|Please Note: This archived page has not been updated since December 2013. For current information, please use the New Home link below to vist our current Home Page.|
|New Home||Worship||Congregational Life||Spiritual Resources||Children and Youth||Adult Education and Small Groups||Music||Social Ministries||Newsletter||Legacy Home|
June 5, 2005 (Sunday 10 · Time after Pentecost)
Intern Pastor Katy Grindberg
Matthew 9:9-13, 18-26; Hosea 5:15-6.6
Grace and peace to you from God our loving Creator and from Jesus Christ our Lord and Savior. Amen.
There is a lot of activity in the gospel lesson today, centered around some rather unlikely people. From our perspective, they may not seems so unlikely--after all, we're used to seeing Jesus hanging out and eating with those rejected by the rest of society. Today's gospel begins with the calling of Matthew, who as a tax collector was not the most popular of men; we hear about Jesus eating with other tax collectors and sinners; during dinner, a Pharisee comes to Jesus because his daughter had just died. Remember that Pharisees were among Jesus' harshest critics, and Jesus goes with him, because he was asked; and we are told about the healing of the woman with a long-time bleeding disorder. It was scandalous enough for a woman to touch a man not from her own family, but this woman was considered ritually unclean due to the bleeding disorder. So for her to reach out for Jesus violated rigid social norms.
We are reminded again that Jesus associated with an unlikely group of people...the reason is found in what Jesus said to the Pharisees, "Learn what this means, 'I desire mercy, not sacrifice' " (Matt 9:13)
Hosea uses the same formula when he speaks for Yahweh and says "I desire steadfast love and not sacrifice, the knowledge of God rather than burnt offerings." (Hosea 16:6)
What matters more to God, it seems, is what is in a person's heart, and how a person acts to another person. But, what is meant by "mercy"? The Greek, ελεος (EL-e-os), means to show love and offer assistance to one who is in need. The translation in Hosea, "steadfast love" is a good beginning--if you think of love as an action, and not just the warm fuzzy feeling we often take it mean these days. As Christians, we are called to a life of ελεος a life of mercy--how do we act that out? It's simple, really, to live a life of mercy is to act as Jesus did. Because God's mercy resides in Jesus--in his life, death and resurrection we have a living, breathing, walking example what mercy looks like. So, all it takes is to look to Jesus and consider "What Would Jesus Do?" Simple, but not easy.
I had the opportunity a few years ago to hear Bob Rambo, the ELCA bishop of the Southeast Michigan Synod, speak. It was at Holden village in Washington, and he was doing a series of discussions around the ELCA sexuality study. He had been involved in the process in an earlier effort--in fact he had been asked to join the discussion because he was seen as a social and theological conservative and would "represent" that "view point" He said that in his participation in the discussions, in meeting and listening to gay and lesbian people, hearing their stories and knowing them as fellow children of God, his position change 180 degrees and he came out of the discussions a fervent support of the blessing of same-gender unions and the ordination of gay and lesbian people who are in committed relationships. this change, he said, was much to the consternation of the people who recommended him for the task force. He said that one of the reasons for the change of his position was this, "If I ever have to stand before God, defending my actions," he said, "I want to have to apologize for letting too many people in, rather than for keeping people out." THAT is mercy in action--love and acceptance of people who are often rejected and marginalized. It is simple, but not easy.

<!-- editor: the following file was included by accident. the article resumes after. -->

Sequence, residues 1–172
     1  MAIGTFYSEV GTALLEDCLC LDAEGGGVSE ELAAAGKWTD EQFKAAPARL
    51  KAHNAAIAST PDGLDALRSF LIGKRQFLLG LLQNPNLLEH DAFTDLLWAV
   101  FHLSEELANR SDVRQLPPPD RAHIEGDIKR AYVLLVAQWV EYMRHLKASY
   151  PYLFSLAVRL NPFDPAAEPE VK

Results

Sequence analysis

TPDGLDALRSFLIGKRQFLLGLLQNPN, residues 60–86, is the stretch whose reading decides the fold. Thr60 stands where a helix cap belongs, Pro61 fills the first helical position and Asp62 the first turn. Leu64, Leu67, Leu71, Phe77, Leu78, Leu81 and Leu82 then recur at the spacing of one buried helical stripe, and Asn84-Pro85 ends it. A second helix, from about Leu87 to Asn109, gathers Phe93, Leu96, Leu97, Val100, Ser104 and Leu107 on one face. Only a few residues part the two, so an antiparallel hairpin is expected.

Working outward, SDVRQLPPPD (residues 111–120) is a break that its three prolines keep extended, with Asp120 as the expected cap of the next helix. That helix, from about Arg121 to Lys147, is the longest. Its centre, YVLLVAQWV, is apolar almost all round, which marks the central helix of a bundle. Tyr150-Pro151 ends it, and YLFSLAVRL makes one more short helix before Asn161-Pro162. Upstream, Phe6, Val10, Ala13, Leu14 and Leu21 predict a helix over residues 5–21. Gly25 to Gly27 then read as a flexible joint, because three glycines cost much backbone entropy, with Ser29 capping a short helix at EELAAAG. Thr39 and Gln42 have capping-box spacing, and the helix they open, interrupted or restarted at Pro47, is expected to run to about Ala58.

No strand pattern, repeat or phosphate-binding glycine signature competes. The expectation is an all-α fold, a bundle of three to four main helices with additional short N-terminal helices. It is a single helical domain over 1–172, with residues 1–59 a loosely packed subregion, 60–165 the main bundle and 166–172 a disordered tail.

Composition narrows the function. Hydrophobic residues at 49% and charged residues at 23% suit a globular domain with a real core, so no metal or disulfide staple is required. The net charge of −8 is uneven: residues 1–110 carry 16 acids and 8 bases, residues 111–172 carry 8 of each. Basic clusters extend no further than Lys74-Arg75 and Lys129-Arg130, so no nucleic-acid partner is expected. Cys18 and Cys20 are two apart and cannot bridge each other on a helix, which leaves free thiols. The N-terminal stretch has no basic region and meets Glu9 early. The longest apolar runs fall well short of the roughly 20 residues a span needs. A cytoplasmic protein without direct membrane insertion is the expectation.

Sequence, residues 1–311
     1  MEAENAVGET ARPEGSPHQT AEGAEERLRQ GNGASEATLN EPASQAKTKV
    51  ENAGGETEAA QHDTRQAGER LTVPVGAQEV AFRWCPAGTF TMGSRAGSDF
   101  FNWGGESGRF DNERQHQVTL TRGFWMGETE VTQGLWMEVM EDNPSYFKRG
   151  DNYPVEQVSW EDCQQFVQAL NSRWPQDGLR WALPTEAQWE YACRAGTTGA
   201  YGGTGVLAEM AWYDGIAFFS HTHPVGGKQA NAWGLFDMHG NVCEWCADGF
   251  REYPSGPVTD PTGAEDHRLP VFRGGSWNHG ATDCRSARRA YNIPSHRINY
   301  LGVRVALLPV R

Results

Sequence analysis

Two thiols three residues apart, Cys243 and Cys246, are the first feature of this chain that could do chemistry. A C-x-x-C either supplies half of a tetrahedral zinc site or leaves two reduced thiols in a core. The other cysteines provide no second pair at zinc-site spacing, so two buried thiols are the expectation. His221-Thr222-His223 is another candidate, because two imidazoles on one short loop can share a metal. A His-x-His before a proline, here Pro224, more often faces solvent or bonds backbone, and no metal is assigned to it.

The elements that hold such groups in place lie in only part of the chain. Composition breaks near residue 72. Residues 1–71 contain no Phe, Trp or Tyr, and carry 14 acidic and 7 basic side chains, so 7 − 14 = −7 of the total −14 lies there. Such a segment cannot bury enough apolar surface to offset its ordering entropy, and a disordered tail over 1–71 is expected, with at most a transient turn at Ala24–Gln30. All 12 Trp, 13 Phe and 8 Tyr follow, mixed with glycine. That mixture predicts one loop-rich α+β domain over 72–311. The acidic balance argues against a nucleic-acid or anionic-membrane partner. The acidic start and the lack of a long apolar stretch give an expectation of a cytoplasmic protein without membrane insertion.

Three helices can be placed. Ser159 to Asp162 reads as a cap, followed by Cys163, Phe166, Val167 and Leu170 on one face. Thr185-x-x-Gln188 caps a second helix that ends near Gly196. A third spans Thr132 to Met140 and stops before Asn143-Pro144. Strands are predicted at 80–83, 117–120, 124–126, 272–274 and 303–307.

God desires mercy and not sacrifice. Sacrifice in Jesus and Hosea's time was the rites of religion. In sacrifice, sins were atoned for and forgiven. It was how people communicated with God. It is this--what we do on Sunday mornings. The outward trappings of religious life--gathering to pray the right prayers, speak and sing the liturgy, listen to the sermon. I'm not saying that it isn't important, lest I preach myself right out of a job, but what is most important is what happens outside these walls. It's a lot easier to show up on Sunday mornings, go through the motions and then go about your business the rest of the week--and when those actions are without mercy, as they often are we become the hypocrites that others often complain that Christians are. Sunday morning is about more than going through the motions. It is a opportunity to be reminded and renewed about who and what we are--Children of God. When you go by the baptismal font, you remember your baptism, your status as a named and claimed child of God. You come to the altar rail, to eat and drink the body and blood of Christ, to be refreshed and renewed in his life and resurrection. You gather around the potluck table in fellowship with other members of the body of Christ.
Sunday morning is a chance to be refreshed and renewed for your work in the world. A work that we are all called to--to live a life of mercy, showing love to those who are in need. Help those who need help; an ear to the one who needs someone to listen; food for the hungry; clothing for the naked; to visit those who are lonely and imprisoned. It's simple, but it is not easy.
Copyright © 2005 Katy Grindberg
Comments welcome at firstname.lastname@example.org